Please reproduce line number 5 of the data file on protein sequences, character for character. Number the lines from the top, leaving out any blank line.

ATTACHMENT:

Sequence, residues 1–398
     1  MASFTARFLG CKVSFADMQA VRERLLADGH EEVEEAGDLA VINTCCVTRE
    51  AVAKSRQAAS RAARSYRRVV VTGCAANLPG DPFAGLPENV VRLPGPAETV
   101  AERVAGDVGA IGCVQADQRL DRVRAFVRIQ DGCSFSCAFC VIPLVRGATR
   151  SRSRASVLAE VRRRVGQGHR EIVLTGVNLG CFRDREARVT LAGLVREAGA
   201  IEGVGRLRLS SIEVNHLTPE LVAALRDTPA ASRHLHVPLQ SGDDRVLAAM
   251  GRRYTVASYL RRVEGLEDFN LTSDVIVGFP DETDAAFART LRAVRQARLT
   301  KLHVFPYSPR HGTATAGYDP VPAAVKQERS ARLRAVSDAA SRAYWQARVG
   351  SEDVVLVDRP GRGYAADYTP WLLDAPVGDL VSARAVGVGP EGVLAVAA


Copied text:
   151  SRSRASVLAE VRRRVGQGHR EIVLTGVNLG CFRDREARVT LAGLVREAGA